What Does A Neuroma Feel Like? People often describe a Mortons neuroma as feeling like there is a small stone in your shoe. There is usually burning, stabbing pain underneath the foot and sometimes tingling and numbness.
What Happens If Mortons Neuroma Goes Untreated? If left untreated, the symptoms of a Morton's Neuroma typically get worse and worse. Pain increases, which gradually limits daily activities. People often change how they walk to try and keep the pressure off their Mortons neuroma but this can lead to back, hip and knee pain.
Can A Mortons Neuroma Be Cured? Yes! The most important thing is to diagnose the underlying cause of the neuroma and address that. Most cases of morton's neuroma will settle down with simple home treatments, but persistent cases may require surgery.
Can You Walk After Mortons Neuroma Surgery? Yes - you will be given a special walking shoe to use for the first 2-4 weeks to protect the foot. Walking should be kept to a minimum the first few weeks and the foot should be kept elevated to help reduce swelling. It usually takes 4-6 weeks for the swelling to go down enough for you to wear your normal shoes.
How Successful Is Mortons Neuroma Surgery? Typically, surgery for Morton's neuroma is extremely successful but some studies have shown that around 20-30% of people undergoing surgery are dissatisfied with the results. The most common reasons for this are that the neuroma was misdiagnosed in the first place, incorrect surgical technique or complications such as ongoing swelling and pain.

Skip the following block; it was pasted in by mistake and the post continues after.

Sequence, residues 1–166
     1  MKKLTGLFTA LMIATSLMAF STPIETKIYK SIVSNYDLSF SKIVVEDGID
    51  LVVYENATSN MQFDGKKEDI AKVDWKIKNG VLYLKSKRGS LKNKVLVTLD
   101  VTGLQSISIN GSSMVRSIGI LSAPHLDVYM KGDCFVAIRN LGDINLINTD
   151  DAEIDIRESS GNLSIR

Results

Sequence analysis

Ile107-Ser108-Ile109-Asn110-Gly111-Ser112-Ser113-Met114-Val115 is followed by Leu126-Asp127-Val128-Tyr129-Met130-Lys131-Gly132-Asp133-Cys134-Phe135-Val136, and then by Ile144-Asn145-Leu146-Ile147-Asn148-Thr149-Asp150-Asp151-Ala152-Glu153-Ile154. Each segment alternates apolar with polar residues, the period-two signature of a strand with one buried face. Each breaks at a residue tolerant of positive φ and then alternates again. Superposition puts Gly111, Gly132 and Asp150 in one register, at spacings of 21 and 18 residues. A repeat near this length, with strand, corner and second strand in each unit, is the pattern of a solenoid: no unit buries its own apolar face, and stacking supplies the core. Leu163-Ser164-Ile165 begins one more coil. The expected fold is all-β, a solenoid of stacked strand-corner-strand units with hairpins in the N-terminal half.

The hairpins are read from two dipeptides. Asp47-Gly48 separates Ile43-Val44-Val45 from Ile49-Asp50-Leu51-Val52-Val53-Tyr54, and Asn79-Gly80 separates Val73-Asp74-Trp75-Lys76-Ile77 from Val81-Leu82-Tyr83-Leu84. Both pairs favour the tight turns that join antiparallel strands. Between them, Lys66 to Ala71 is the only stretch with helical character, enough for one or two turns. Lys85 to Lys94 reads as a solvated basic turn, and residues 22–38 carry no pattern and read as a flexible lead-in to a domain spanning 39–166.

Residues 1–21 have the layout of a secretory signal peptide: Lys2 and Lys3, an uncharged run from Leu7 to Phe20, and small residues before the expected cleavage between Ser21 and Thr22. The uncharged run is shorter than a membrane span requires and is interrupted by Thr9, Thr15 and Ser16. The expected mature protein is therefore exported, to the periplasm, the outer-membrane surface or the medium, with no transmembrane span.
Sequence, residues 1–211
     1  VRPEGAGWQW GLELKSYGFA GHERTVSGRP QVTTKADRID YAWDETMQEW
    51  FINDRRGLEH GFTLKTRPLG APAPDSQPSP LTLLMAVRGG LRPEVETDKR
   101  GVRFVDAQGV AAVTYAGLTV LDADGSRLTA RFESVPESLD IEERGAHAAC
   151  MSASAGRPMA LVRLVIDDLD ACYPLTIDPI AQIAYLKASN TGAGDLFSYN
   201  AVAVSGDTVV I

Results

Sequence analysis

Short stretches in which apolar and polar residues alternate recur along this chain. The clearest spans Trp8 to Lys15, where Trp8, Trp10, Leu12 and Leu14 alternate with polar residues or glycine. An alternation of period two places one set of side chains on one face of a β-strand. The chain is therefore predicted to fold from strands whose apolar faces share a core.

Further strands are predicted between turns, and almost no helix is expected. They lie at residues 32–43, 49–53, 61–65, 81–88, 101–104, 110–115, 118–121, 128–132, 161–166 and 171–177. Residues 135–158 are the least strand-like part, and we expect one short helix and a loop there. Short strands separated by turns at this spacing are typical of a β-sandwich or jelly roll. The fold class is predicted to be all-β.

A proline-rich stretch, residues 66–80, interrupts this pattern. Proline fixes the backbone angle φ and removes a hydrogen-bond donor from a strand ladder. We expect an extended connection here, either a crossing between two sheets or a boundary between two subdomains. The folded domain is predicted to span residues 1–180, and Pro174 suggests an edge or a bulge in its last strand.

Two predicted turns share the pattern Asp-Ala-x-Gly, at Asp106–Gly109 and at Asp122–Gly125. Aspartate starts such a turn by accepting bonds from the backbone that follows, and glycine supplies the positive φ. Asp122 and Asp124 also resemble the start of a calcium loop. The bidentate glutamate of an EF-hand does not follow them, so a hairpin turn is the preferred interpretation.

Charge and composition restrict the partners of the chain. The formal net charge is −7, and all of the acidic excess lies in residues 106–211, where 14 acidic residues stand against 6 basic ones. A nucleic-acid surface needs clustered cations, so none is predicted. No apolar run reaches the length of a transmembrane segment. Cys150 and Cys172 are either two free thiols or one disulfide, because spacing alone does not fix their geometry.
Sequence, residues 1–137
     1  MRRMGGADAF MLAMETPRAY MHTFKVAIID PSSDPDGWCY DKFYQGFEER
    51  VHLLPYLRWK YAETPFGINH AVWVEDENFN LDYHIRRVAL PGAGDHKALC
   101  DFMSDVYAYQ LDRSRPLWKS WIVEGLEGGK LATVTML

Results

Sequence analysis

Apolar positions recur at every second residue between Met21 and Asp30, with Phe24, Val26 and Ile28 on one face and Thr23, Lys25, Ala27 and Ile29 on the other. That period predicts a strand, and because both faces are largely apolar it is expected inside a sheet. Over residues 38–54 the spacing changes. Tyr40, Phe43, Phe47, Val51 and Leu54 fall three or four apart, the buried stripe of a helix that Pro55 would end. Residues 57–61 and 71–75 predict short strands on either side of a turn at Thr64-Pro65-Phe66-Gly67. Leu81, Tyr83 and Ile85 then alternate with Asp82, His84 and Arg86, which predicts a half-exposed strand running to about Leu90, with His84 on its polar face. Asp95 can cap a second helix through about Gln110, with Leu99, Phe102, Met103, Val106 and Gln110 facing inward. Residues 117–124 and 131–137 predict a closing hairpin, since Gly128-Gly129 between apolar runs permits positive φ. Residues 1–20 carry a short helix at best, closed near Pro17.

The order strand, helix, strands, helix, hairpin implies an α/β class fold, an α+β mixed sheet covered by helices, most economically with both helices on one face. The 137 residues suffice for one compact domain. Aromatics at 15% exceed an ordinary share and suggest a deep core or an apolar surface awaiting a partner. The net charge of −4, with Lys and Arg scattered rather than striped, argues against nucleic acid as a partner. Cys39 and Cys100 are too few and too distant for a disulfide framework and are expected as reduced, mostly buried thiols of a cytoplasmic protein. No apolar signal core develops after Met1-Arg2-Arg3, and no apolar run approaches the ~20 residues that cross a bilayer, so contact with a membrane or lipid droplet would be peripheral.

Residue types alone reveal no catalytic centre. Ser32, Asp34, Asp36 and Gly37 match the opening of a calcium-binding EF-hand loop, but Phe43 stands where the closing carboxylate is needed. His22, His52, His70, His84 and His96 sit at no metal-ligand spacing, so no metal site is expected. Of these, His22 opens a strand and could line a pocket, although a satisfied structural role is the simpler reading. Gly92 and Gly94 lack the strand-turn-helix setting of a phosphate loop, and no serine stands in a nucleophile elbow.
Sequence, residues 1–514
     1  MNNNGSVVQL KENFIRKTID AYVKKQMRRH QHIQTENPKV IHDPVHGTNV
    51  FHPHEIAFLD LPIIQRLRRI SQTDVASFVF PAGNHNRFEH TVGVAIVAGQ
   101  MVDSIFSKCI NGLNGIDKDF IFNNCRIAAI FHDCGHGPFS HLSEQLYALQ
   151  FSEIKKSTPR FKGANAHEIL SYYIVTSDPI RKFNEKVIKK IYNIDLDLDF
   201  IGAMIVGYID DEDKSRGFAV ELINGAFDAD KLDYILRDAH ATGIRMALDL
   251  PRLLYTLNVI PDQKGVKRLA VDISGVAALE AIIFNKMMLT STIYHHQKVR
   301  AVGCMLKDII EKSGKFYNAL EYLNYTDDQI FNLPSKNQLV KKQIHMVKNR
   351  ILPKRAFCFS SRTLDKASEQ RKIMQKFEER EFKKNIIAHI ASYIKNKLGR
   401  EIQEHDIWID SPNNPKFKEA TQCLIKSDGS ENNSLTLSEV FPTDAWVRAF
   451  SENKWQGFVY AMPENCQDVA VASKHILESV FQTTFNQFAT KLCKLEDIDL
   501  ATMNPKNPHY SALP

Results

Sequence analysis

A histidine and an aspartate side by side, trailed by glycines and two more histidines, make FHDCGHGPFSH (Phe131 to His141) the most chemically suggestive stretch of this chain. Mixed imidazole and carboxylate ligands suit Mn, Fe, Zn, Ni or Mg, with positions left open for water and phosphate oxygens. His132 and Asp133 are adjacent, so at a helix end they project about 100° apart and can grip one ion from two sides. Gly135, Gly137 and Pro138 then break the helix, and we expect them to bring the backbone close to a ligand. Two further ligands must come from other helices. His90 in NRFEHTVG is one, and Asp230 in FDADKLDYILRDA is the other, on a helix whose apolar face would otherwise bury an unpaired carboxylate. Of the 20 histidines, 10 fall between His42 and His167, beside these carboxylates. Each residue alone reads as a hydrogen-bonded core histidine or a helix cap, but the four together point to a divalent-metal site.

Can A Mortons Neuroma Grow Back After Surgery? Whilst surgery for mortons neuroma is usually successful, in up to 30% of cases there is a reccurence. Either the neuroma regrows or a stump neuroma forms. Around 10% of people undergo repeat surgery for a Mortons Neuroma.
Does Ice Help Mortons Neuroma? Ice massage over a Mortons neuroma can really help to reduce pain and inflammation. Gently run an ice cube over the foot, keeping it moving, or rest with an ice pack on the area for 10-15 minutes at a time. N.B. If you have any problems with circulation or sensation in your foot, you should not use Ice Therapy.
Does Mortons Neuroma Show Up On X-ray? A Morton's neuroma will not show up on an x-ray as x-rays show bone not soft tissue. However x-rays can be helpful for ruling out other conditions such as arthritis when diagnosing Mortons Neuroma
Mortons neuroma is just one of the possible causes of tingling and numbness in the feet. There are a number of other conditions that can affect the nerves of the foot and produce similar symptoms. You can find out more in the foot nerve pain section.
There are also lots of other things that can cause a lump underneath the foot - check out the bump on bottom of foot article for common causes, symptoms, diagnosis and treatment options.
If your only symptom is toe pain, then again, there may be something different going on. Visit the toe joint pain section to find out what else could be wrong if the information here on mortons neuroma isn't sound quite like your pain.
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Page Last Updated: 11/02/23
Next Review Due: 11/02/25